26 Oct 2013

Severe weather hits Canterbury

8:28 pm on 26 October 2013

Severe gales sweeping across the Canterbury plains on Saturday have been causing havoc, with trees knocked down, roads blocked, power cut and fires breaking out.

More than 600 properties are without power, with Lincoln and Leeston the worst affected areas.

The lines company Orion says teams trying restoring power have had to be withdrawn from some areas, because trees are still coming down in the strong winds, and it's unsafe.

Other areas affected by power cuts include Liffey Springs, Irwell, Rolleston, and Selwyn.

The Rangiora A&P show in North Canterbury was closed down at about midday after two people were hurt by flying objects.

Fire crews took more than four hours to contain a large forest fire near Ashburton, but the fire is now out.

The fire service has fielded at least 25 weather related calls in the region since noon on Saturday, some concerning scrub and grass fires caused by arcing electricity lines.

The Rangiora A&P Association's annual show in North Canterbury was called off just after lunchtime.

Its president, Jeremy Ashworth, says flying objects were becoming dangerous and at least two people were hurt.

"The wind just got up beyond reasonable and too much of the craft exhibits starting blowing around."

Police in Christchurch asked people to avoid McLeans Island Road, because of fallen trees and broken power lines. They say people also need to be careful while travelling on Johns Road, where trees have fallen onto the roadway.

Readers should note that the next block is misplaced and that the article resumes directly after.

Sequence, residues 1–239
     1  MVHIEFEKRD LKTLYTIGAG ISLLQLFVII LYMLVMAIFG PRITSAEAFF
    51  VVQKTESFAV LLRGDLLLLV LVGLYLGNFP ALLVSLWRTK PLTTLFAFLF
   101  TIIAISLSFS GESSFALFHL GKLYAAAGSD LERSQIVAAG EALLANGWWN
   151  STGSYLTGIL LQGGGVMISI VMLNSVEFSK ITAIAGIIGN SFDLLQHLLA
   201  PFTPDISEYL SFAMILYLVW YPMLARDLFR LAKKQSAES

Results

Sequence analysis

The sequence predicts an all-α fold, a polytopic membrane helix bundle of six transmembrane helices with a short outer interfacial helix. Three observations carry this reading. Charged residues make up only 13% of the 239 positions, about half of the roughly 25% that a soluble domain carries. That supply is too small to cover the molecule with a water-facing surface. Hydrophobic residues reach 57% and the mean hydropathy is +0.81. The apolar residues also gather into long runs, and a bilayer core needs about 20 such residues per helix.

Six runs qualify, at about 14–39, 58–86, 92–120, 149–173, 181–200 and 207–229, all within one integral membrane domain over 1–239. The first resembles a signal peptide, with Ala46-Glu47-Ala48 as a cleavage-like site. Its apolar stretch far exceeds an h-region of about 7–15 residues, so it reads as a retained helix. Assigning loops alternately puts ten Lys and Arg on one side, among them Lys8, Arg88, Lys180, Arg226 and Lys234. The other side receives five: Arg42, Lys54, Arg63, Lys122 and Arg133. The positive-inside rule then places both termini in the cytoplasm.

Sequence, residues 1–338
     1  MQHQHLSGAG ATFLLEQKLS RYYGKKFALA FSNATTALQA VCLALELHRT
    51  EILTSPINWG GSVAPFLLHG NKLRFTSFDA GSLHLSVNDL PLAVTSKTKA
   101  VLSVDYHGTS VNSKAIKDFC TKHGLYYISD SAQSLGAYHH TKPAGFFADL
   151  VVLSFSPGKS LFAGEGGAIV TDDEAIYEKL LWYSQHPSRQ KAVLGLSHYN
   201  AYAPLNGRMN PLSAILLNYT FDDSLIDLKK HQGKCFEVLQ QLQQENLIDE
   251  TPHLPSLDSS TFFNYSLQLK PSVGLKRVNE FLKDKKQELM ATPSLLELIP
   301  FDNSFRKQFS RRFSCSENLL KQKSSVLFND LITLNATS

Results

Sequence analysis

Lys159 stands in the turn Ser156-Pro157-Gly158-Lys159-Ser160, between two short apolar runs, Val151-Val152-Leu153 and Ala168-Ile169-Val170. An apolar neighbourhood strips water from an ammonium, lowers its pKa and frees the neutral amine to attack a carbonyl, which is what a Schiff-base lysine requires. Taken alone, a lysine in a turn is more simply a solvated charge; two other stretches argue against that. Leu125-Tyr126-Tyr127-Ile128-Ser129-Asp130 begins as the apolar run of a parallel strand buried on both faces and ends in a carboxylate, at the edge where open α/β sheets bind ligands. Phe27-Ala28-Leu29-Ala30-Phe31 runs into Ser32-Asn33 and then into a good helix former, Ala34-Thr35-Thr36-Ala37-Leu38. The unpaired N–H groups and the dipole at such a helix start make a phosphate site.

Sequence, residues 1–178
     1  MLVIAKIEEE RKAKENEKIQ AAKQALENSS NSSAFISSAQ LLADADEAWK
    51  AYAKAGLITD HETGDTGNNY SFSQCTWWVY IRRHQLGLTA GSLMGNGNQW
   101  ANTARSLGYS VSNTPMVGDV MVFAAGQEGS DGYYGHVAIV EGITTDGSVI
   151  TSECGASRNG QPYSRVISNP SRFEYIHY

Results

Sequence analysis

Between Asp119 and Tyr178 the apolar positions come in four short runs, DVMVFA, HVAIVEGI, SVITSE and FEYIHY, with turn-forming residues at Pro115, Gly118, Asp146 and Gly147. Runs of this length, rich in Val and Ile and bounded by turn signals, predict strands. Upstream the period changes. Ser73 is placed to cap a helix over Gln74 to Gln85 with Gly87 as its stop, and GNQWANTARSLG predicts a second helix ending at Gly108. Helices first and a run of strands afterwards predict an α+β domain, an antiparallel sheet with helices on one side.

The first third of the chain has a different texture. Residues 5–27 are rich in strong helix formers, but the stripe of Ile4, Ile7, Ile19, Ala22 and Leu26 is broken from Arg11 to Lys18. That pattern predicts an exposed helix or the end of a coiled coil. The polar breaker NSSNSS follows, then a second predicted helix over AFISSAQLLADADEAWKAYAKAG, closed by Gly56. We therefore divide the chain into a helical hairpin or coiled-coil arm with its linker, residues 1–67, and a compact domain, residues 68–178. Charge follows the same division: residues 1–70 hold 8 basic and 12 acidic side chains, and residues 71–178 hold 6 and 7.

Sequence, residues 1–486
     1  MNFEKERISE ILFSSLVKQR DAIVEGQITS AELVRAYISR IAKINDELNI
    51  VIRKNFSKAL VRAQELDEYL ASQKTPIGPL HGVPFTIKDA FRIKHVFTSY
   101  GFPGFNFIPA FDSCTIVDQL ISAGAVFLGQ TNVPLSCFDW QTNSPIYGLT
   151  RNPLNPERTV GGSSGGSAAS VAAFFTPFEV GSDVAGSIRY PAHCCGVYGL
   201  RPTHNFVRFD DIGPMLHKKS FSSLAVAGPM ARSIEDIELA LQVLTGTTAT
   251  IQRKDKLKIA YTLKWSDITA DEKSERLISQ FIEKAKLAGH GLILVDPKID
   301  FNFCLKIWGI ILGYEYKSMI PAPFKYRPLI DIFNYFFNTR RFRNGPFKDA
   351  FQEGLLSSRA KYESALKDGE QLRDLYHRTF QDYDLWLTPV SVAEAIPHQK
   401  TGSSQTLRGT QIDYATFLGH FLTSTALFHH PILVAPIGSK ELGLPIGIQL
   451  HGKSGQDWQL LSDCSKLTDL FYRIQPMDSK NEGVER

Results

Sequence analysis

Crews are attempting to clear these roads.

MetService is advising the northwest gales will bring heavy rain to the headwaters of Canterbury lakes and rivers from the Hurunui River southwards.

It says the heaviest falls east of the main divide are likely to occur on Saturday afternoon, with thunderstorms; a further 180mm is possible in the Westland ranges from Saturday until early Sunday morning.

MetService says this is a significant amount of rain, and it comes close on the heels of previous heavy rainfall.

People are advised to be wary of rising river levels and the possibility of surface flooding and slips.

West Coast

The West Coast Regional Council says flood warning staff are on duty this weekend but they do not expect to be called on for help as heavy rain hits the area.

Chief executive Chris Ingle says although rivers are up slightly, the weather has remained the same for the previous two weeks or so.

Queenstown District Council and the Regional Council are also monitoring the rising levels of the lakes at Queenstown and Wanaka.

Queenstown District Council spokesperson Michelle Poole says there are no civil defence warnings in place and the only warning in the area has been issued by the harbourmaster, for owners to ensure boats have been securely moored.

Spring windier

A climate scientist says this spring has been windier than normal.

Associate Professor James Renwick from Victoria University says October and November are usually the windiest months of the year but this season has been windier than usual.

Dr Renwick says this is due to more storms that normally sit over the oceans between New Zealand and Antarctica, being pushed up much closer to New Zealand in the last few weeks, causing low pressure and increasing wind strengths.

He says the winds should be tapering off soon and calmer days might be on the cards, at least during the next couple of weeks.